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the theology of art, pt. 1: positive/negative space

February 26, 2010

the principle of positive and negative space in design is this: positive space is the defined space which the artist designates as an object, and negative space is the resulting shape defined by what space is “left” from what the positive space took up. in simpler terms, positive space is the object on the paper and negative space is the white of the paper that you still see (in case you’re wondering, yes, this is stuff you pretty much already know, but with the cool terms art snobs like to come up with). the thing artists keep in mind though, is that both spaces are defined by each other. when you draw a positive shape, you are at the same time drawing the negative shape as well. you cannot have one without the other, and when you adjust one, you are adjusting the other at the same time. the other thing to keep in mind is that you can’t really have too much of either; the amount is simply defined by the subject matter (this is, of course, up to debate for aestheticians, but of no real dispute in the world of Theological Synergy). also, in order to designate either space as “good” or “bad” is to say the same for its converse. you’ll never hear an art teacher say,”well, the positive space in this piece is excellent, but the negative is all wrong” (unless the teacher is bonkers, which, unfortunately, is not a far stretch).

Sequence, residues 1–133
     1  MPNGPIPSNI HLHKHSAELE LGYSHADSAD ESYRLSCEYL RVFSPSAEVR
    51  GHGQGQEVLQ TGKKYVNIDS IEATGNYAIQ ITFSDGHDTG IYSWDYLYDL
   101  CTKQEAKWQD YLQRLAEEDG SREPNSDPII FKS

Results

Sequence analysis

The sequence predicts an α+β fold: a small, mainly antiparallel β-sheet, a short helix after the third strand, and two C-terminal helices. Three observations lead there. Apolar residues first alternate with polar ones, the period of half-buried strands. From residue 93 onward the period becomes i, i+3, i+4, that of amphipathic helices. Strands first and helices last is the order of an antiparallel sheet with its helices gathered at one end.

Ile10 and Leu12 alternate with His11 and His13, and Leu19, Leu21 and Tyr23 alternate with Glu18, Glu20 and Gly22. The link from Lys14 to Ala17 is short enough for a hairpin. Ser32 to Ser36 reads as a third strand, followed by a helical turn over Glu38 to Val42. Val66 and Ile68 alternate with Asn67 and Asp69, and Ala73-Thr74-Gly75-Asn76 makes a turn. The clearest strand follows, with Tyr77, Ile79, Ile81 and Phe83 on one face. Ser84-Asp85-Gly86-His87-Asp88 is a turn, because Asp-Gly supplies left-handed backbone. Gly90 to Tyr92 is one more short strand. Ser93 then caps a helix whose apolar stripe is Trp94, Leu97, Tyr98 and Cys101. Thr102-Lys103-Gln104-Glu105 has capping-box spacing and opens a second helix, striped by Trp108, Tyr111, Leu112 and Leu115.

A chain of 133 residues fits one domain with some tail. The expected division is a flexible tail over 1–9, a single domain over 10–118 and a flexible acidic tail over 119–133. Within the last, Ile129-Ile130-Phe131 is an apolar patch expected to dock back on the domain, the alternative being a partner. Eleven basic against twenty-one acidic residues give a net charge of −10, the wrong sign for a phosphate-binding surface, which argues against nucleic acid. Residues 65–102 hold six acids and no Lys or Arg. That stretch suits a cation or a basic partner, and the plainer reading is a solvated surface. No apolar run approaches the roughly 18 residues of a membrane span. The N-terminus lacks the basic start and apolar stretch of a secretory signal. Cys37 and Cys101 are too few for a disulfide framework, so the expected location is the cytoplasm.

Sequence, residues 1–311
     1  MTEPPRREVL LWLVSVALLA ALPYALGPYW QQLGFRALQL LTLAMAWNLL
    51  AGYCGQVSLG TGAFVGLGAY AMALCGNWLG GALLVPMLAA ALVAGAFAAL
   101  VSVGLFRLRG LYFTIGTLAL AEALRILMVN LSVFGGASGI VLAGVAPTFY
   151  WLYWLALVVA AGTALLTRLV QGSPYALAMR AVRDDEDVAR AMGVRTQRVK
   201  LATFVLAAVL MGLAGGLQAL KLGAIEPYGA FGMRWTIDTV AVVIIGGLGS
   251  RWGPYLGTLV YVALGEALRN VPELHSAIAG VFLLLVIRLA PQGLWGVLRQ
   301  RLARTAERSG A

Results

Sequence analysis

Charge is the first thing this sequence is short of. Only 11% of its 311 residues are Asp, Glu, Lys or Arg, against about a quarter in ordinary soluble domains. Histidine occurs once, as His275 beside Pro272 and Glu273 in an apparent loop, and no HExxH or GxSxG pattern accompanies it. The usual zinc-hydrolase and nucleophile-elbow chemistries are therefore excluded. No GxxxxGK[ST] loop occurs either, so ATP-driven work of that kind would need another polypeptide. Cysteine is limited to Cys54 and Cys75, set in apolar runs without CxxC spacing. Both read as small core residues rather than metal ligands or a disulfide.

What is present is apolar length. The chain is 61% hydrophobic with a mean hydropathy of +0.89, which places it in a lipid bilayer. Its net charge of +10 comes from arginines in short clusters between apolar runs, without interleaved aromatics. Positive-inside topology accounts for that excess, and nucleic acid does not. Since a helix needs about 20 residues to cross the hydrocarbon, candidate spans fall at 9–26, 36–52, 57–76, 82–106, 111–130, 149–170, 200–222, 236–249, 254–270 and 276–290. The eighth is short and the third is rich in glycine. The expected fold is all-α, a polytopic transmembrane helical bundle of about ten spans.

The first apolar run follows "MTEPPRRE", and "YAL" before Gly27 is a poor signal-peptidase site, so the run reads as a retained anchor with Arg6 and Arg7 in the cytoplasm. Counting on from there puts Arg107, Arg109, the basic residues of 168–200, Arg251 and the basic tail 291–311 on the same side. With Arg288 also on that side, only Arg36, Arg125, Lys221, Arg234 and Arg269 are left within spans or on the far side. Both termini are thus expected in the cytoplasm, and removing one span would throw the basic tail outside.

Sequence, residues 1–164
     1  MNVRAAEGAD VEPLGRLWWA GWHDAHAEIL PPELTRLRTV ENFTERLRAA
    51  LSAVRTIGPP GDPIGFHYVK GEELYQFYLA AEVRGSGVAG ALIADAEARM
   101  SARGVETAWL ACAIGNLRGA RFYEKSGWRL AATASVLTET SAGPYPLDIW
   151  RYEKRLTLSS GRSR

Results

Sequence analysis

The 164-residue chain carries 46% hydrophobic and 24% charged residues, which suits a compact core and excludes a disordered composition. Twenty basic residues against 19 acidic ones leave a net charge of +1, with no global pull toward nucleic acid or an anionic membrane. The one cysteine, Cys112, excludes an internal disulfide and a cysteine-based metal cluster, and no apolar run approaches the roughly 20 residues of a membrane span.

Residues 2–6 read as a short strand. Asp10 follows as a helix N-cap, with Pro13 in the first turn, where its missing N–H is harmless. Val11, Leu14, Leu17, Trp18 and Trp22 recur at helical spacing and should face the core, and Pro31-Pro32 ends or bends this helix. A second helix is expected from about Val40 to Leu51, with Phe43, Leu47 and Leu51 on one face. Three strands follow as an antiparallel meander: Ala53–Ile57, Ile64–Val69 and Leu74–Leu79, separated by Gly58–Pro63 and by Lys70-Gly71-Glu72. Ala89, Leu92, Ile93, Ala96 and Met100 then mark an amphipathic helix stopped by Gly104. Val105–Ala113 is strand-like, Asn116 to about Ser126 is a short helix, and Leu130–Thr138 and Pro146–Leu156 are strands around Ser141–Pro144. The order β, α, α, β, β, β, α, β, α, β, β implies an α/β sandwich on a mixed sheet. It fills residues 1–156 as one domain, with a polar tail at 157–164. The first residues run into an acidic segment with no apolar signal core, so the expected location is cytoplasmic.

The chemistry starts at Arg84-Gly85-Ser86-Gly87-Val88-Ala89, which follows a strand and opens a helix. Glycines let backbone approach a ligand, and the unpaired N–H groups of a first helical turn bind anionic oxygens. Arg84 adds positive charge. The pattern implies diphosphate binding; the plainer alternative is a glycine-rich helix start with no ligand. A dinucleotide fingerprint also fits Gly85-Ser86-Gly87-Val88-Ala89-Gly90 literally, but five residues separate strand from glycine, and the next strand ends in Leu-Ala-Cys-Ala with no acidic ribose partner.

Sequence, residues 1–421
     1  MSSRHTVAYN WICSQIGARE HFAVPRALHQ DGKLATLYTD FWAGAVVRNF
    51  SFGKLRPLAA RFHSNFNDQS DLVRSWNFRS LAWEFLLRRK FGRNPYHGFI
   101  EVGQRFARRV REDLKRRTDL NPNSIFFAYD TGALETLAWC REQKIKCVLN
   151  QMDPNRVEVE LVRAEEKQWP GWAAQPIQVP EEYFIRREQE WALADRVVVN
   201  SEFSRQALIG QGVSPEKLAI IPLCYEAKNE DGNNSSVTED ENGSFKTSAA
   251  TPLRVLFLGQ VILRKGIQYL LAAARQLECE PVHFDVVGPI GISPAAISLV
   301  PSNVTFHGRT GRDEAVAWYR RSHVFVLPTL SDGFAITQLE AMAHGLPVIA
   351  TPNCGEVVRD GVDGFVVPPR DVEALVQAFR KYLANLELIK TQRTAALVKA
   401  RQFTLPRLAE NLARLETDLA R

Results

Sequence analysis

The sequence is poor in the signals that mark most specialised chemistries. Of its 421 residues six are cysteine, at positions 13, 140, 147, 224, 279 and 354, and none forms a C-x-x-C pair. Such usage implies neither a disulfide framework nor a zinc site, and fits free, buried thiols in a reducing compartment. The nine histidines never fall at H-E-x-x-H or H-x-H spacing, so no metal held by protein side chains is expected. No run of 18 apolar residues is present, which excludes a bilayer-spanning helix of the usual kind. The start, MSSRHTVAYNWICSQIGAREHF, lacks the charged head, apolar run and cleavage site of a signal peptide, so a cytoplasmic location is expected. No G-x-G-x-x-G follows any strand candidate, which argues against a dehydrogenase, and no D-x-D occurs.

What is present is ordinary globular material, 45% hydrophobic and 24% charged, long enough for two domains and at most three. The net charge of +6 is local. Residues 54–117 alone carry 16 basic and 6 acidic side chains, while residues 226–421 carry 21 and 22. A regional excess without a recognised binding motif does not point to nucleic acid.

the idea of faith and deeds is similar in concept. despite whatever argumentation has been made for either side, the Bible illustrates that both are equally important and only occur as results of the other. as C. S. Lewis puts it, to argue that one is better is the same thing as saying one blade on a pair of scissors is better than the other (which i actually think is a better illustration than the one i’m using, but i’m a designer; it’s who i am). also like the two kinds of space, when you try to sharpen one side of the dichotomy, the other benefits. the real false thoughts are to start thinking one is better, or  one needs more influence.

all senseless debacles and inane argumentation aside, everyone needs faith and deeds and you cannot truly have one without the other. we need to let the shape of our deeds to be formed by our faith and vice versa. this is not an idea of right or wrong or black or white. these are two playing cards leaning on each other that need to be structurally sound.

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